Author and blogger-come-clothing-designer Constance Hall has captured the mood of every woman who’s felt the excitement of clothes shopping snatched away from her under the two-harsh lighting of store fitting rooms.
“Is that really no longer my size?” the woman wonders, hand clutching the dress, top, shorts she was oh, so eager to try.
“Will I have to emerge and ask for a bigger size in absolutely everything I so hopefully gathered within my quivering arms and brought into this brightly-lit hell?”
Hall’s label, ‘Like A Queen‘, runs with a “size down” policy, Hall explains, so women can shop the way they feel as opposed to cowering under the confusing and ever-intimidating size ranges of bigger fashion houses.
Size down means you should shop a size down from your typical size, suggesting her label runs slightly bigger than traditional clothing retailers. As her website states: “Never size up! If in any doubt, size down.”
“Some of my friends have asked me about my ‘size down’ theory. ‘Why don’t you just make your sizes more ‘normal’ so you don’t have to say size down’ they say,” the mum-of-four, who is currently pregnant with her fifth child, posted to Instagram last night.
The answer, she said, is simple.
“Last year I went shopping, I left my husband and kids in the car and I ran into one of my favourite clothing shops. I quickly tried on some things and bought nothing,” she captioned an image of herself, sitting on a curb, her heavily pregnant stomach wonderfully exposed.
“I got back in the car and I asked my husband…. ‘When you see me, do you see an extra large woman?’ He laughed, ‘you’re five-foot-three and petit’. So I asked the kids, ‘When you see me, do you see an extra large woman?’ They too laughed.”
While in the store Hall – who carries some “excess body fat to keep me cuddly” but says she is “generally not an Extra Large person” – was told there was nothing the label carried that would fit her. That they don’t stock sizes bigger than ‘Extra Large’.
It’s not so much about the size, Hall said, it’s about the stigma around it.
“I asked the shop assistant, ‘Do you have anything bigger than the extra large?’ She recognised me and didn’t want to answer, eventually looking down she softly said ‘No sorry they don’t exist, extra large is the biggest.’
“They don’t exist? ” Hall wondered.
Upon emerging from the store, Hall saw a woman “flawlessly rocking a boho outfit” who was “definitely bigger” than her.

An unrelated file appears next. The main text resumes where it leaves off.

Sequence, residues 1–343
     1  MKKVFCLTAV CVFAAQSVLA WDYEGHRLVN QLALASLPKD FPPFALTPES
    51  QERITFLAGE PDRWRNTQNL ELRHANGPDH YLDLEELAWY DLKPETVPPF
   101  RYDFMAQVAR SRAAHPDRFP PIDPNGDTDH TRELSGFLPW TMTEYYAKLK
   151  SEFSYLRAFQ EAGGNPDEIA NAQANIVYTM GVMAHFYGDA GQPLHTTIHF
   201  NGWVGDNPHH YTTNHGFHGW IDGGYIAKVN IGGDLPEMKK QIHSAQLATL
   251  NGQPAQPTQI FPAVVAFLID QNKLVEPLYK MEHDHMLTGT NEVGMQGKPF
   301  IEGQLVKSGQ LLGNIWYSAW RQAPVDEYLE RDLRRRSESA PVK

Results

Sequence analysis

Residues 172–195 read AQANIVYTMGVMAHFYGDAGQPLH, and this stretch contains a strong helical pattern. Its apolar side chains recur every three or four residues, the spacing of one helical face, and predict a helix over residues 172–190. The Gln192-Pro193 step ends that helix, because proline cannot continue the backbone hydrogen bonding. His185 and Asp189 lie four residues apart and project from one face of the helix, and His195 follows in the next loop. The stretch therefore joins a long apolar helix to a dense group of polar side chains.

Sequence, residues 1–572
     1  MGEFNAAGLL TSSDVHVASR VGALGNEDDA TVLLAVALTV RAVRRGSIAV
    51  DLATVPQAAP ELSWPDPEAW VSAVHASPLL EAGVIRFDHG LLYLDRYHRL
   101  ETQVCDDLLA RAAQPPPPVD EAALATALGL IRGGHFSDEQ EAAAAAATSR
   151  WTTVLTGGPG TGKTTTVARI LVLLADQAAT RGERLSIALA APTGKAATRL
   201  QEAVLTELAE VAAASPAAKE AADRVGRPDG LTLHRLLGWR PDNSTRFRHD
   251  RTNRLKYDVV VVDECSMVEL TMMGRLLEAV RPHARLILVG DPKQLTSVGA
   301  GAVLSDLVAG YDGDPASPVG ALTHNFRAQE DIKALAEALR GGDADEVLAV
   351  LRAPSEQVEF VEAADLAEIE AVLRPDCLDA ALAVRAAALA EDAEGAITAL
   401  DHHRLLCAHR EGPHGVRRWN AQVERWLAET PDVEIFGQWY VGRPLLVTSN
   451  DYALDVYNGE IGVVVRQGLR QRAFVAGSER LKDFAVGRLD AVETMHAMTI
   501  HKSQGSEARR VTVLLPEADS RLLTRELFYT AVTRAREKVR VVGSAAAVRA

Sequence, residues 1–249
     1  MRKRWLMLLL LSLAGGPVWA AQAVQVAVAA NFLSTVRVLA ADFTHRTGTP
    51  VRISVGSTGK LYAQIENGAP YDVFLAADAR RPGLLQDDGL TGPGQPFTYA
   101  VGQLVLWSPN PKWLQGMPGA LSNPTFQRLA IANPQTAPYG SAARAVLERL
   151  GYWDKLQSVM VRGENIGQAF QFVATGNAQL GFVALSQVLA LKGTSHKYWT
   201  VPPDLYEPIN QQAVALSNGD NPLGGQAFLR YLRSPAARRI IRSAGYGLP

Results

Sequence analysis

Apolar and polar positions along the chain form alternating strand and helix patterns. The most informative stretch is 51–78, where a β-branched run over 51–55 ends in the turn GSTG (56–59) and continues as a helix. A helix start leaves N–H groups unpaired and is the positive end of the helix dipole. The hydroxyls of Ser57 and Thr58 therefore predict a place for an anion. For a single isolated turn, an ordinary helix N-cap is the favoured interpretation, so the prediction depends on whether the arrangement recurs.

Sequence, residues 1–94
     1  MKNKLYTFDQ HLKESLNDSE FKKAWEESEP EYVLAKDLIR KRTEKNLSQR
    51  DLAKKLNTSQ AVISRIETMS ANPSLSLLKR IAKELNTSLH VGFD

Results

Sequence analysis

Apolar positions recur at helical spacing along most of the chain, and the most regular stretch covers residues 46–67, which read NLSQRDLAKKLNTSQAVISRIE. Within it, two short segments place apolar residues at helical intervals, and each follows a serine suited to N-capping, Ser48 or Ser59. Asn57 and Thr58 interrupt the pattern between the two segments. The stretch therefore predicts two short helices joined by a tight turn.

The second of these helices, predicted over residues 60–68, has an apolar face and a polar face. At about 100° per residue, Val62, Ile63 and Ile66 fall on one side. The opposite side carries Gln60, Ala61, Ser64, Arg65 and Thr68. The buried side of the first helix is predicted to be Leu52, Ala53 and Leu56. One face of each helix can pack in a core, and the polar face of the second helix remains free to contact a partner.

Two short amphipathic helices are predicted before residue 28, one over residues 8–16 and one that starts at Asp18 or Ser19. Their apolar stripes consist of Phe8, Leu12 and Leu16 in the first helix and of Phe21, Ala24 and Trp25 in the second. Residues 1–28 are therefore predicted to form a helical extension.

She put her kids to the test, once more, asking them if they thought the woman with the cowboy hat existed. “They all laughed at the stupidity as I explained what had happened,” she wrote.
“You see I am not an extra large woman, there is nothing wrong with that but I am not. And women who are bigger than me? They don’t only exist, but they exist brightly and beautifully and they rock beautiful clothes, you just have to f*cking make them.”
Mia sits down with Constance Hall on No Filter. Post continues below.
And perhaps she’s onto something. That ‘sizing down’ is a way forward in breaking the bonds of judgment and self-criticism traditional clothing labels so often entice.
“Well I brought two skirts off you, Con,” one woman commented on Facebook. “I had to send them back because they were too big. I didn’t care, I was friggin wrapped. I sent them back last Friday from a rural area and your Queens received them Wednesday at 1pm and by 1:15pm I had my store credit, (Flippin legends) purchased the smaller size by 1:30.”
Another said: “Once upon a time, long ago at my biggest, I visited a large, well-known clothing store just to have a look. The lady behind the counter pounced on me straight away, pulled me aside and said in a voice that could have been heard in China: ‘I just wanted to let you know straight away that we don’t have anything to fit your size here, you need to go somewhere else’.”
Even still, Hall doesn’t think of it as “sizing down” at all.
“You may think you sized down to fit my clothes,” she said. “I think you sized perfectly.”